Reclamation, Ranching, and Reservation: Environmental, Cultural, and Governmental Rivalries in Transitional Arizona
Sowards, Adam M., Journal of the Southwest
In the spring of 1996, Tonto National Forest burned spectacularly. The Lone Fire swept over 61,000 acres, much of which was within the Four Peaks Wilderness Area. During the week of the fire, the issue of appropriate land use captured the media's attention, as well as the attention of government agencies, Tonto's ranching community, and nearby Phoenix residents. The Bureau of Reclamation and the Forest Service worried about the effects of the fire on Salt River Project reservoirs and wildlife habitat. Ranchers worried about the potential loss of livestock and forage. Citizens also worried about damage to their wilderness playground, for the forest's proximity to Phoenix made it a popular destination for urban recreationists. The "gray haze and acrid odor [hanging] over the Valley of the Sun" forced Salt River Valley residents indoors. Indeed, the fire's greatest impact seemed to be its urban connection. This fire, Arizona's largest since at least the Second World War, illuminated many historic themes of the Tonto. It affected ranching, the long-time economic and cultural focus of Tonto; it touched the governmental agencies in charge of administering both the forest and rivers that constituted the Tonto National Forest and Salt River Project; most of all, it underscored the significance Tonto held for the neighboring Salt River Valley and its residents. These factions were the progeny of a century-long social and economic rivalry. Thus, today's environmental battleground remains inextricably linked to the past.(1)
The history of the region reveals much about the current configuration of Arizona. In an interview given during the Depression, longtime Tonto Basin rancher John Cline recalled, "When the Forest Service came in, I just laughed. I told them I would just like to see them come in and tell me. I thought I was boss." In his reference to the 1905 reservation of the Tonto National Forest in central Arizona, Cline echoed the sentiment of many Westerners then and now. After subsisting for many decades free from all but nominal governmental restrictions on their agricultural economy, ranchers resented the growing federal presence in administering and managing the West's land and natural resources. Although Cline's remark reflects an antipathy toward federal restrictions, others saw federal intervention as the region's saving grace. In Arizona, farmers in the Salt River Valley especially desired federal assistance to build irrigation projects dependent upon large dams on the Salt River and later on the Verde River. These different perspectives about federal power and management of natural resources not only reverberated in Arizona but throughout the American West.(2)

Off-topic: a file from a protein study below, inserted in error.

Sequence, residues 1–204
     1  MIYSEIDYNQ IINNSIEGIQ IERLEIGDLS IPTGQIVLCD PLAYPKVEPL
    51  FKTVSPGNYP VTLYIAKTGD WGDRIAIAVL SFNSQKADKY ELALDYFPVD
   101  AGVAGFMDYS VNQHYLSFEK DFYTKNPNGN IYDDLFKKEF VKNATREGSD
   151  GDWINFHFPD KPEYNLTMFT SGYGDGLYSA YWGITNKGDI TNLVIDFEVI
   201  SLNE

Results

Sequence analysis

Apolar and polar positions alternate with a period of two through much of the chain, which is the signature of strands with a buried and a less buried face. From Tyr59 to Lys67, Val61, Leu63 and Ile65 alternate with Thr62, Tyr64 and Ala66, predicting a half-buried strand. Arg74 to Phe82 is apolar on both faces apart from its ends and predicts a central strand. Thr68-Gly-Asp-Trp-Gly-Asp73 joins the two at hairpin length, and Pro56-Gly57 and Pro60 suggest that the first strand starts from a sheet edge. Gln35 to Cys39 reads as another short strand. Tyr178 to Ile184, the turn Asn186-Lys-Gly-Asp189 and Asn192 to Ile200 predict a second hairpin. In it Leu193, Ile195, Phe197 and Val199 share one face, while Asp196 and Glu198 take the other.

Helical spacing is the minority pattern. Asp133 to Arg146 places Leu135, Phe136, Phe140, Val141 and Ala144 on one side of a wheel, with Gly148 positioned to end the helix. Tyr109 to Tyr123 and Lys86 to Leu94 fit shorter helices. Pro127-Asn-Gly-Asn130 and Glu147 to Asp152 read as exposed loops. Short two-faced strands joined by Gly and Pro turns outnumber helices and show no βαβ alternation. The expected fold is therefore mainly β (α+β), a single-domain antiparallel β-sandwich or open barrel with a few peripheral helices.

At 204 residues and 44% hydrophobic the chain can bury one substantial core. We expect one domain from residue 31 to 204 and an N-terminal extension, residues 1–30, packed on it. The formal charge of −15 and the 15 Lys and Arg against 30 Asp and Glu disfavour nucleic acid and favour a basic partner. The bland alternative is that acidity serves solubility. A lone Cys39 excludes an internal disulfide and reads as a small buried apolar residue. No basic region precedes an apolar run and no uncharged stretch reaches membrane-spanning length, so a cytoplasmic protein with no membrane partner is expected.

Those resources, mainly rangelands and water storage, carry paramount significance for Arizona's past. Two of the state's cornerstone four C's---cattle and cotton--depended upon an abundant grassland and a regular supply of water for irrigation.(3) As a center of the state's livestock industry and as the major watershed of the Salt and Verde Rivers, the Tonto region's environment prominently affected Arizona's growth. At the same time, Arizona's growth profoundly influenced Tonto's development. The history of those resources, how settlers used and abused them, and why the federal government reserved the land forms a central component to any study of Arizona and informs the broader outlines of the Western past.
This investigation is one of transitions--both physical and historical. At an elevation of 7,000 feet, the Mogollon Rim, a vertical rock escarpment between 1,000 and 2,000 feet high, forms the southern edge of the immense Colorado Plateau and the northern boundary of Tonto National Forest. The rim effectively delimits the ecology of central Arizona, forming the state's geologic seam. Along the Mogollon Rim stands the largest continuous ponderosa pine forest in the world. Moving south from the plateau, the Verde River and Tonto Creek drain the Mazatzal Mountains and the Sierra Ancha range while watering the desert grassland that blankets the region's wide basins. …